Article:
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A blog from CityRealty (Links below will take you to the 6sqft site)


175 Park Avenue via RXR Realty and SOM 175 Park Avenue via RXR Realty and SOM
According to a new report, the influx of people coming to New York is expected to outpace those who have left the city. It remains to be seen what effect this will have on New York's offices and tourism industries, but designers and developers are not waiting around to find out. We take a look at newly revealed renderings.

258-278 Eighth Avenue, Chelsea
258-Eighth-Avenue-01 Rendering via JJ Operating
258-Eighth-Avenue-02 Previous renderings via Loopnet
The southwest corner of West 23rd Street and Eighth Avenue is currently occupied by a nondescript commercial building, but its replacement is guaranteed to attract further attention: Hot on the heels of demolition permits, renderings have been revealed for a full-block, 12-story tower with light and dark materials and a variety of window sizes. As new construction permits have not yet been filed, it is unclear what this building will house on the upper levels, but The Real Deal reports that Target has signed a lease for 28,000 square feet of space in the base level. Previous commercial tenants New York Sports Club and Gap have long since vacated the premises.
258-278-Eighth-Avenue-04 258-278 Eighth Avenue circa April 2021 via CityRealty

176 Washington Park, Fort Greene
176-Washington-Park-01 Image via KANE-AUD for Landmarks Preservation Commission
Update: Approved with modifications.

The Italianate townhouse at 176 Washington Park has fallen into deep disrepair over the years, but its address across the street from Fort Greene Park makes it an appealing prospect. (Just ask the man who stole the deed to the property in 2015.) To that end, KANE AUD has filed permits to convert the circa-1865 townhouse to a five-unit condominium and embark on an extensive series of repairs. These include restoring the cornice and brownstone facade, replacing the aluminum windows with wood windows to match historic precedent, and adding a roof terrace, guardrail, bulkhead, and mechanical units.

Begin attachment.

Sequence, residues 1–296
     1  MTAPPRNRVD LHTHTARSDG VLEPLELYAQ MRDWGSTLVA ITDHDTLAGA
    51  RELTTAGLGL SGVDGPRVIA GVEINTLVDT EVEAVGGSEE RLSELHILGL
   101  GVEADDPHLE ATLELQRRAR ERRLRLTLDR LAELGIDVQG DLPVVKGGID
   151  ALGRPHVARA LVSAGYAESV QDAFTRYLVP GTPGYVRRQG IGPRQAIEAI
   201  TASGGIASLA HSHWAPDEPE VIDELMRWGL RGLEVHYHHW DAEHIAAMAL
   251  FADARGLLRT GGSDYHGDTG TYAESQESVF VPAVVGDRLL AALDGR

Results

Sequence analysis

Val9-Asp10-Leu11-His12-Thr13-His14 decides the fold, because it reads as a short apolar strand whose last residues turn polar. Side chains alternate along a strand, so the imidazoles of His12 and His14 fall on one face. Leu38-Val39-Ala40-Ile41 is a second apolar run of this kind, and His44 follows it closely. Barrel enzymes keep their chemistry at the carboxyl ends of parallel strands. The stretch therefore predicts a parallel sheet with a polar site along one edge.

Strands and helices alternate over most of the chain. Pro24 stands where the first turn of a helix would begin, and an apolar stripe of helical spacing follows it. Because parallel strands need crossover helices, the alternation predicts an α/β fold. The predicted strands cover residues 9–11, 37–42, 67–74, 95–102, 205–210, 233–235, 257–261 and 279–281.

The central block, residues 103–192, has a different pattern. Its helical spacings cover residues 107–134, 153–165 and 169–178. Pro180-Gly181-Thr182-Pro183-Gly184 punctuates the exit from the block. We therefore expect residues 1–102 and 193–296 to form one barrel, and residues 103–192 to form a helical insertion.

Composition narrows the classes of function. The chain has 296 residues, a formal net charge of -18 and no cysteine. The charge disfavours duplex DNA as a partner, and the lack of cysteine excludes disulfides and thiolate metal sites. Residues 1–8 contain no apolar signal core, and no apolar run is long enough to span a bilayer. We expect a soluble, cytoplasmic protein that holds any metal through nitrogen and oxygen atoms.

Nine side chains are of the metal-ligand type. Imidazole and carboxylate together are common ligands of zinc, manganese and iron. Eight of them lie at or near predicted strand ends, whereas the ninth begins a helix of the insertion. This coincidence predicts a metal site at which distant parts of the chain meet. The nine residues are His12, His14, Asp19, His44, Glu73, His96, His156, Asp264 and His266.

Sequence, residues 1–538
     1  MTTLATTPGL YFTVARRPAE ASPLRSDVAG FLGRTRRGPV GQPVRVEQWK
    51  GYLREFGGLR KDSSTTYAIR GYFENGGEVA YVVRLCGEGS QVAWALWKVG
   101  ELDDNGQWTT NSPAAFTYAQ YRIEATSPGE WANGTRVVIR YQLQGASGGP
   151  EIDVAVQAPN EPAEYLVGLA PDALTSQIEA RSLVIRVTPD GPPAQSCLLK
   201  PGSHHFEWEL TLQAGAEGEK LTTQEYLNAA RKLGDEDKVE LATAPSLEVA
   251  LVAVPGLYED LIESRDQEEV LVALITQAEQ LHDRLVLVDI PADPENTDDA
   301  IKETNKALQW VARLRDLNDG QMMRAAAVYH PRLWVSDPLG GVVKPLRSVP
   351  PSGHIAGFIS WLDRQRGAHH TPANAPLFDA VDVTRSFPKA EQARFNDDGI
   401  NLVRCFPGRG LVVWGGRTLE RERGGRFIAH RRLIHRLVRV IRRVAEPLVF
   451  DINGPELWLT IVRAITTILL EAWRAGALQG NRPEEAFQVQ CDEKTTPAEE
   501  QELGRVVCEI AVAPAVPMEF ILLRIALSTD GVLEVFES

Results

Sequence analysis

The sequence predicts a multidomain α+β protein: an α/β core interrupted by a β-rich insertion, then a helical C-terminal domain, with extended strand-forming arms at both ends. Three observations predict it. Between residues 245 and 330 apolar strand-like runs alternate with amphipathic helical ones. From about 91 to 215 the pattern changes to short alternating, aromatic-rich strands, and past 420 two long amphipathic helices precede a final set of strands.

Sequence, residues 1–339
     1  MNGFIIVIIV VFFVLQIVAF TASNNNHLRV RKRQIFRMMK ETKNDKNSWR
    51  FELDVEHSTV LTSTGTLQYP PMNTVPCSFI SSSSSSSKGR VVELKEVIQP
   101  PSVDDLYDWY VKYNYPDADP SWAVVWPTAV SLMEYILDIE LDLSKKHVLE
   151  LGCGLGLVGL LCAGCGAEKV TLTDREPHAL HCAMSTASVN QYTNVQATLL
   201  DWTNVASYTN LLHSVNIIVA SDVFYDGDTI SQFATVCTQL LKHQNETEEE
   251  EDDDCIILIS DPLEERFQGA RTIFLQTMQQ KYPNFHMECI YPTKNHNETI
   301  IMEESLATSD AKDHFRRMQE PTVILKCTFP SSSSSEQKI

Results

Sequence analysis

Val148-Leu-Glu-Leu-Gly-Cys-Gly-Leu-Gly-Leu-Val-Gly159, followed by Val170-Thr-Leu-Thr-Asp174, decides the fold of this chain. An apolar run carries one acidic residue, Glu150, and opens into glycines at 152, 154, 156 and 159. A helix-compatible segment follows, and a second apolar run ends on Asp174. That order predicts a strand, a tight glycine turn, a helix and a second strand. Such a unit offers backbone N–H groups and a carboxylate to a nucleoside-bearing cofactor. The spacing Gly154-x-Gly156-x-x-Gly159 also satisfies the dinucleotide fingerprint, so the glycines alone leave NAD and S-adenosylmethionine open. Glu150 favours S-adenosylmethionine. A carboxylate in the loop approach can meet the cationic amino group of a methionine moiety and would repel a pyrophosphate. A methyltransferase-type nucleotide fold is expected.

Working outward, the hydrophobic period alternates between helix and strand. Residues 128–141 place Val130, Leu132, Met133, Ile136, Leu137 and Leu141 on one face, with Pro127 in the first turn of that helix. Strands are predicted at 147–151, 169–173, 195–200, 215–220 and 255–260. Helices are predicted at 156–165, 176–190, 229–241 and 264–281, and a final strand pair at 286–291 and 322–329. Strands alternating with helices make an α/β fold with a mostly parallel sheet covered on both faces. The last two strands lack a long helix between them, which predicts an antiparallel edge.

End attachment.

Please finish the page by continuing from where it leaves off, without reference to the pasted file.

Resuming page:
While there may be hope for the house, a garage on the property has been deemed too damaged to repair. Architect Thom Mayne has proposed tearing it down and replacing it with a 2,000-square-foot brick house that ArchPaper has described as resembling “a mashup of Louis Kahn’s First Unitarian Church of Rochester and Grafton Architects’ University of Limerick Medical School.” The plan is for Mr. Mayne’s son, Sam Alison-Mayne, to live in the new house when it is complete.

Because the property is in the Fort Greene Historic District, the project cannot proceed without Landmarks’ blessing. Landmarks ruled “no action” in March 2021, and the next hearing will take place on Tuesday, April 20.

175 Park Avenue, Midtown East
175-Park-Avenue-01 Renderings of 175 Park Avenue via RXR Realty and SOM
In the heart of the Midtown East rezoning, RXR Realty and Skidmore Owings & Merrill (SOM) have teamed up on a joint venture that aims to demolish the existing Grand Hyatt (an early Donald Trump development) and replace it with a state-of-the-art, sustainable tower with 2.1 million square feet of office space, a new Hyatt-operated hotel, and 10,000 square feet of retail space. Renderings show a soaring edifice with an elegant structural lattice.

In addition to transforming the local skyline - renderings show the Chrysler Building cast in shadow - 175 Park Avenue is set to enhance the streetscape with 24,000 square feet of elevated, publicly accessible space in the form of interconnected terraces wrapped around the new building. The team has enlisted James Corner Field Operations (of High Line and Domino Park fame) to lead the design and programming.

Moreover, 175 Park Avenue promises to improve the local infrastructure. As the current Grand Hyatt sits directly above the Grand Central-42nd Street subway station, the joint venture plans to take advantage of this opportunity to build a new transit hall and dedicated subway entrance, remove girders that impede passenger flow, and embark on additional improvements that will reduce congestion and expand capacity and ADA accessibility. The project will also deliver a “short loop” connection from Metro-North platforms and the nearly completed Long Island Rail Road East Side Access Terminal.

500-West-22nd-Street-01 Rendering of Park House via Visualhouse